But many of the non-Bible people like Bloom and Rosenberg, precisely because of their ignorance of this, know no fear and certainly no such humility. I cannot just be amused, because Bloom and Rosenberg have taken ignorance and arrogance too far. They have taken the first great writer and cut his or her work up, broken its continuity, left out important parts, mixed in the work of other writers, mistranslated it so badly that it is no longer itself and misrepresented its picture of God.
What good can come of this? I believe that Bloom and Rosenberg’s book is so terribly flawed that it is not even of heuristic value. But, albeit ironically, some real good can come of this—not from the book but from the phenomenon of this book. The value could be: This is the book that showed that this ignorance had finally gone too far. It was one thing when the popular books of Bible speculation were about finding the ark and about space ships in Ezekiel. Such books were not generally regarded as intellectually respectable. But it is another thing when distinguished scholars claim to shed light on the Bible, and they know not that they know not.
This silliness masquerading as scholarship must stop. It is less than outrageous. It is just plain silly. Taking out the rubbish is part of our job in scholarship, and in time all of this rubbish will be taken out. In the meantime, though, it is tedious; and it is unfortunate that this is taking up the time of scholars and of people who sincerely want to know what it is about the Bible that has made it the book and the force that it is. Given how important the Bible is to so many, the degree of ignorance about it is frightening. The greatest good that can come from this book is if it will expose this depth of ignorance and trouble enough people that they will want to correct it. One hopes that the people who paid $22 for this book will be annoyed enough to seek out the real J and the real Bible so that their time and money will not have been completely wasted.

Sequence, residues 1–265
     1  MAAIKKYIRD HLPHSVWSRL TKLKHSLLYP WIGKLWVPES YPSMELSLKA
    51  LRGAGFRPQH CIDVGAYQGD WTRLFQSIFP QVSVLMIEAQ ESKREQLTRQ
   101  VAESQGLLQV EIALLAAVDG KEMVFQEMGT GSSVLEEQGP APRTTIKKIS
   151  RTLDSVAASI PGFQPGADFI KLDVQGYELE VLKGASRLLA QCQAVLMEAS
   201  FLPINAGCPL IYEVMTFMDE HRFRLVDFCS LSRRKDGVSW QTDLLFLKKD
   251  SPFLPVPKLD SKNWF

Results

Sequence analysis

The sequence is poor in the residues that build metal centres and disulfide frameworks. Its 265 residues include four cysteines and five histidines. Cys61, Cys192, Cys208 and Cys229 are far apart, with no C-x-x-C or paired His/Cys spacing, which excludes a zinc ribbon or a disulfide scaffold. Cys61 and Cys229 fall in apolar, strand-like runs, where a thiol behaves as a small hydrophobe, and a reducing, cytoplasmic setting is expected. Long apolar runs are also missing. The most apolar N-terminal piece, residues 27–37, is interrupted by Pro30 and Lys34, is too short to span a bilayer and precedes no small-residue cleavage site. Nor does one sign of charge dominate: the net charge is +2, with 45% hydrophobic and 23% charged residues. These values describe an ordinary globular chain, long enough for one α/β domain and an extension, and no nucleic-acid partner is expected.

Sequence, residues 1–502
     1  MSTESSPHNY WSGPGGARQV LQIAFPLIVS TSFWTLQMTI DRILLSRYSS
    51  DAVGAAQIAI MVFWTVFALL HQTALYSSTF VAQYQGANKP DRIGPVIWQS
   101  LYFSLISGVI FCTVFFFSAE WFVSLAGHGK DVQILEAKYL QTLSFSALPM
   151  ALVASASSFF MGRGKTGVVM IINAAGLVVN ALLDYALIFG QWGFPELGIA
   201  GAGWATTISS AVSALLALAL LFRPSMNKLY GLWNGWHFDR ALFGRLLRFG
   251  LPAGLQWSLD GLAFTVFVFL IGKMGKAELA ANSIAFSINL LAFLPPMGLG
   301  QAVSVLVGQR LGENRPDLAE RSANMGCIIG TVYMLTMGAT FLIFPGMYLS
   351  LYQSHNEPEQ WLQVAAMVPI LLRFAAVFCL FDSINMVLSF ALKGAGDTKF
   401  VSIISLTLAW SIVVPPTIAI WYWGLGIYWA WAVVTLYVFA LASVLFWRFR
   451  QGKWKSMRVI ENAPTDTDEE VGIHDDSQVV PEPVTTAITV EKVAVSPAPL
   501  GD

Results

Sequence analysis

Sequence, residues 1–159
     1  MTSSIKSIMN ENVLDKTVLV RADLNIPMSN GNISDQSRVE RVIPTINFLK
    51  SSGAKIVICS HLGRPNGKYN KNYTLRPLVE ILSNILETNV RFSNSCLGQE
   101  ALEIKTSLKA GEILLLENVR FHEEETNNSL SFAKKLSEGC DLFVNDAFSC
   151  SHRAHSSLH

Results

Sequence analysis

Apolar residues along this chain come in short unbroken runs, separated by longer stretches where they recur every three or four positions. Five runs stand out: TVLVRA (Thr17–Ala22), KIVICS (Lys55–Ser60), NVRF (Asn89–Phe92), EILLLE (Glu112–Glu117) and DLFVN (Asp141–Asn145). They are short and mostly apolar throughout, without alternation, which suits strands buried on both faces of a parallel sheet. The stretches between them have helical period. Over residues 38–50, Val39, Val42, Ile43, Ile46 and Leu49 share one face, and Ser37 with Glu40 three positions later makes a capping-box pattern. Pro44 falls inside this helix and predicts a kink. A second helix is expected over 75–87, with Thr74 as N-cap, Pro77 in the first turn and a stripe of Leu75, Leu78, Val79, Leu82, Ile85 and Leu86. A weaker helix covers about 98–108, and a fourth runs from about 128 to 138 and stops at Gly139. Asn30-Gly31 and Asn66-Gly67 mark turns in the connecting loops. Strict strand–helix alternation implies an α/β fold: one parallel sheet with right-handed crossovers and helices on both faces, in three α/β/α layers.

Buyer beware. Before reading a book that purports to shed new light on the Bible, check the credentials of those who wrote it. Find out what other qualified persons have to say about it. Read more than one person’s view on any given subject. And don’t trust anybody who makes assertions without citing the evidence from the text for you to check for yourself.
It is well worth the trouble. After all, it is the Bible, for heaven’s sake.
It is a strange fact that we biblical scholars always seem to meet people who are surprised that we really know things about the Bible. They assume that the study of the Bible is a matter of opinions and interpretations, with few verifiable facts one way or another. Even though the archaeological revolution is about a century old, even though the advances in language, text and history are reported in thousands of books of introduction, history and commentary, people just do not conceive of biblical scholars as having the kind of expertise that professionals in medicine or law—or even […]